Can the bacteria living in your gut make you fat?

The importance of gut flora has become better known over the last few years, and for good reason. The balance of bacteria living in your gut is vital to health – from supporting  a strong immune system to a happy mood. “Probiotic” has become a buzzword in health conscious circles, and fermented foods like kombucha and kimchi have made their way into the mainstream. Now researchers are looking at two classes of  bacteria, Firmicutes and Bacteroidetes, and their effect on weight management and obesity. There are tens of trillions of  bacteria living in our guts, over 400 species, most all of them (in a healthy person) flourishing in our large intestine. These bacteria are hard at work, creating short-chain fatty acids like butyrate from resistant starch, and synthesizing nutrients like Vitamin K and B12.

Firmicutes and Bacteroidetes are two dominating groups of bacteria found in everyone, but research has shown that if you happen to have more firmicutes than bacteroidetes, you are more likely to put on weight and have difficulty losing it (Kotzampassi, et al. 2014). This sounds like a nightmare – a microscopic bacteria living inside of you is actually making you fatter? It sounds like a battle you are genetically destined to lose! Is that really the case? No! Do not give up, because researchers have also found that gut flora evolves to dietary change. Certain foods cause firmicutes to thrive,  while others allow bacteroidetes to outnumber firmicutes (Maslowski and Mackay,  2011). Fast food, processed foods, foods high in sugar and unhealthy fats should be avoided  if  you want to cut back on firmicutes. How to increase bacteroidetes?

1. Increase your intake of colorful veggies and other fiber rich foods like beans and lentils.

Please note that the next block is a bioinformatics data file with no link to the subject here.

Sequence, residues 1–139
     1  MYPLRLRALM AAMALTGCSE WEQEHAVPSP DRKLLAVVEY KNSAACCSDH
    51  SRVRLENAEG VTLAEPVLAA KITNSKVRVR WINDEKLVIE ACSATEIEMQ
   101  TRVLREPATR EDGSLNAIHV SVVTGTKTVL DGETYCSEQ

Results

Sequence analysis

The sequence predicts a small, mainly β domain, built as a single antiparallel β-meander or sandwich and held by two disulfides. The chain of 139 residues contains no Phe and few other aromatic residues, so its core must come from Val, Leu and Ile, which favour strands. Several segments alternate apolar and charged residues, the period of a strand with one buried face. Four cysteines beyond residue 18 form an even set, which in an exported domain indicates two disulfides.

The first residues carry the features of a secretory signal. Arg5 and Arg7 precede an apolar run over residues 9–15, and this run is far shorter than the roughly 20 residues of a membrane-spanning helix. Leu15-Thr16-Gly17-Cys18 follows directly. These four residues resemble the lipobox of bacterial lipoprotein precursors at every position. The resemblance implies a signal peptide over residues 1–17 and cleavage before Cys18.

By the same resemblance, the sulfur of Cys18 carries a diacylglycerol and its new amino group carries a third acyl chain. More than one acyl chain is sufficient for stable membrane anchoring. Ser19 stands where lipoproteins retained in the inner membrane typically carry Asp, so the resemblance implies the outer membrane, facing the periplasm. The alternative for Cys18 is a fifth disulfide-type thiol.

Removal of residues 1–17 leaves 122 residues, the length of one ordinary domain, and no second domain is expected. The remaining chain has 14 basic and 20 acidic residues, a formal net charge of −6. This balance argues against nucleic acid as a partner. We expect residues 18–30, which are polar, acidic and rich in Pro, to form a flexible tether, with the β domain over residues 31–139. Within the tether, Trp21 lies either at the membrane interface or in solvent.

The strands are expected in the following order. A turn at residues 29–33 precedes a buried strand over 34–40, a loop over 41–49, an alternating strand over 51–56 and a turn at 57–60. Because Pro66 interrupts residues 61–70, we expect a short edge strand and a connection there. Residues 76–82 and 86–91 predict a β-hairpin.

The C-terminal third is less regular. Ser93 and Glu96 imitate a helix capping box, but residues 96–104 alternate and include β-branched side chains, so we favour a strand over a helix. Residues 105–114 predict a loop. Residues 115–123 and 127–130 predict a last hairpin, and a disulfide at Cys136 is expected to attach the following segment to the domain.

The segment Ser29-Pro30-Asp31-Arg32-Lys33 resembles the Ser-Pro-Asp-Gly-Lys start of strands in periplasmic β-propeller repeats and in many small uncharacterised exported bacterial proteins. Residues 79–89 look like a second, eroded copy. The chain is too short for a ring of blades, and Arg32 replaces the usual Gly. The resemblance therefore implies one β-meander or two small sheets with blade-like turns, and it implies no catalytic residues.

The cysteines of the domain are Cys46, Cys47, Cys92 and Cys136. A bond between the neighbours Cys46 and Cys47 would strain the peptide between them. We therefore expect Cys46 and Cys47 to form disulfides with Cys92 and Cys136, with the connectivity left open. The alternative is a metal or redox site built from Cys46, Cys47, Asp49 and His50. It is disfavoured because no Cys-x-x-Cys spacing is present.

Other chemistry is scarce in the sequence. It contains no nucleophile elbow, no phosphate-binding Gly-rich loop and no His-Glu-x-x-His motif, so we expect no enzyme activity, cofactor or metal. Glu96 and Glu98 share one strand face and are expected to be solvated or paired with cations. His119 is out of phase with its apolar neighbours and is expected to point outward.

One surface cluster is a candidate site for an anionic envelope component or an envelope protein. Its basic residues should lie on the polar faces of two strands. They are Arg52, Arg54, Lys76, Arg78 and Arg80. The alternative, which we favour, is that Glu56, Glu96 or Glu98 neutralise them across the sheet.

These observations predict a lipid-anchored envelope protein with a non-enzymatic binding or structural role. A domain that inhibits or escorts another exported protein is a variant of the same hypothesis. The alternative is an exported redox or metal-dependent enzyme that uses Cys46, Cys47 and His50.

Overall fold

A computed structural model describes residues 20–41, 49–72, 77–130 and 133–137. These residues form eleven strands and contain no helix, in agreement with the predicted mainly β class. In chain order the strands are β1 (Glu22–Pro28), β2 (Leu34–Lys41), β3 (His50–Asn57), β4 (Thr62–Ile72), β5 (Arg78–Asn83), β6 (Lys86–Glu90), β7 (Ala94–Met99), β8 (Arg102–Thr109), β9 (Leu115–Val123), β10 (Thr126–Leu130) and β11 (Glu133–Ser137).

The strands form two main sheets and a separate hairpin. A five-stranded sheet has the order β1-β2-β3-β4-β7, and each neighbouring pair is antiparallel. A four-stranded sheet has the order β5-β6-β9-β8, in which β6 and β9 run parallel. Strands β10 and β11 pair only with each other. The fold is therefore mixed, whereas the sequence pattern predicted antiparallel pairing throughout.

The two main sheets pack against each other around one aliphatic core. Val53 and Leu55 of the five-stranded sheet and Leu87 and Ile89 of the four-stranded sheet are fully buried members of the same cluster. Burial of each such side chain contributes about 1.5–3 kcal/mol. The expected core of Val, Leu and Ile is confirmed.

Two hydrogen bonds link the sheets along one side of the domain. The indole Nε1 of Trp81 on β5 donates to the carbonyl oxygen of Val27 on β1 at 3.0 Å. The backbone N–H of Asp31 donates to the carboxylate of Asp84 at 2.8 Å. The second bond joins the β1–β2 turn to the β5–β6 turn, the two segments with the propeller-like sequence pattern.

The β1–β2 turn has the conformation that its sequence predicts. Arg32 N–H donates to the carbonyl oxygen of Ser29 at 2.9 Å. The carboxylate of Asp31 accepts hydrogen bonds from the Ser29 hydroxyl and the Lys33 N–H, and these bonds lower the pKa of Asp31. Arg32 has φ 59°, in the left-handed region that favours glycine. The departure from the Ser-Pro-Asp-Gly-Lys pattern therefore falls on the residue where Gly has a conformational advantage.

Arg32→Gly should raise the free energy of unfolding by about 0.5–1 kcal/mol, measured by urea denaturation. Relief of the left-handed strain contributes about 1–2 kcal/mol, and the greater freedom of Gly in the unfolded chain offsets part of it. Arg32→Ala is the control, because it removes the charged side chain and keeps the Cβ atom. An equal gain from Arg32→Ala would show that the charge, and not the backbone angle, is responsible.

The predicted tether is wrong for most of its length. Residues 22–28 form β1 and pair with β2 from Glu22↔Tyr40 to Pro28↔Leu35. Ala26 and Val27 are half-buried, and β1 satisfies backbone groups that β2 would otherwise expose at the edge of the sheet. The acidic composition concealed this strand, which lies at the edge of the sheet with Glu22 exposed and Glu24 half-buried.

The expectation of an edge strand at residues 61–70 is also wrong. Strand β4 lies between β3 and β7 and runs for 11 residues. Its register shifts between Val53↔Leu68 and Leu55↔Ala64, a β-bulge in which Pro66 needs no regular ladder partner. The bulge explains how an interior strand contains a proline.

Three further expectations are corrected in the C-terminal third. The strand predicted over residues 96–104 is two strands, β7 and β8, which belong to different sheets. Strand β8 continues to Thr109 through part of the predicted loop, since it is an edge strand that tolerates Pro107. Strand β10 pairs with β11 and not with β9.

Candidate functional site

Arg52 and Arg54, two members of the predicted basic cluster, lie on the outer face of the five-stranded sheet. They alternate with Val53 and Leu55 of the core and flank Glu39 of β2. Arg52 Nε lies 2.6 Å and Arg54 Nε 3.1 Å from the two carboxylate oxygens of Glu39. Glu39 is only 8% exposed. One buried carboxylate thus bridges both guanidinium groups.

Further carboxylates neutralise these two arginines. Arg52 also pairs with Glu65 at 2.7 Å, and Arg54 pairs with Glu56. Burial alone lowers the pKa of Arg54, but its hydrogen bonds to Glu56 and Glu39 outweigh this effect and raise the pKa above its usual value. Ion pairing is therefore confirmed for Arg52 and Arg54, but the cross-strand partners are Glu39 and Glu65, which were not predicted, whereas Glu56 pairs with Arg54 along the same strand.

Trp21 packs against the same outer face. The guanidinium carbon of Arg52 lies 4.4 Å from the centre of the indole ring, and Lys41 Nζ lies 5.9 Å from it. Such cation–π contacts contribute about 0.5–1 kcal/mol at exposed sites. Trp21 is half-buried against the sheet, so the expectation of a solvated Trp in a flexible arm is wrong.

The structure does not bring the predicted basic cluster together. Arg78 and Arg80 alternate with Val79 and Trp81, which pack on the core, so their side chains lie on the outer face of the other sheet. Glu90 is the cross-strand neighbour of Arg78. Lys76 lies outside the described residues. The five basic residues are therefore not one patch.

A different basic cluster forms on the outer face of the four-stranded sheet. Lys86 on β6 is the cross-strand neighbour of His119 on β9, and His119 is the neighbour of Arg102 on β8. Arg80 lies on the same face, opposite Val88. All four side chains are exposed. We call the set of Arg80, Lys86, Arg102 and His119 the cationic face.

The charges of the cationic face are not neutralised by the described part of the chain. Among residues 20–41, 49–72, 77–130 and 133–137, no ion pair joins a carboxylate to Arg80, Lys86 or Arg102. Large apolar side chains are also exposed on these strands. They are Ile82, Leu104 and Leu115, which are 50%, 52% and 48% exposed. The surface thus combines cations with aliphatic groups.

2. Include natural sources of probiotics in your diet: homemade sauerkraut, kimchi or other fermented veggies, miso, unsweetened  yogurt, kefir, or kombucha. If these are unavailable to you, it doesn’t hurt to invest in a good quality probiotic supplement.

3. Don’t forget the prebiotics! Prebiotics are food for probiotics. We get prebiotics from dietary fiber that can not be digested, and instead passes  through the digestive tract providing fuel for our beneficial bacteria. A few good prebiotic sources are jerusalem artichokes (aka sunchokes), raw  garlic and onions, green bananas, legumes, and cooked rice that has been allowed  to cool before being eaten.

4. And it can’t be stressed enough – avoid processed and sugary foods!

 

References:

Gorbach SL. Microbiology of the Gastrointestinal Tract. In: Baron S, editor. Medical  Microbiology. 4th edition. Galveston (TX): University of Texas  Medical Branch at Galveston; 1996. Chapter 95. Available from: http://www.ncbi.nlm.nih.gov/books/NBK7670/

Kotzampassi, K., Giamarellos-Bourboulis, E. J., & Stavrou, G. (2014). Obesity as a Consequence of Gut Bacteria and Diet Interactions. ISRN Obesity,  2014,  651895. doi:10.1155/2014/651895

Maslowski, K., & Mackay, C. (2011). Diet, gut microbiota, and immune responses. Nature Immunology, 12, (1), 5-­9.

 

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About Our Author

Hannah Wright, BS formerly worked as a nutrition and lifestyle counselor at the Yin Yang House. Her blog posts can be found on her author page and community posts can be found via her forum profile page.

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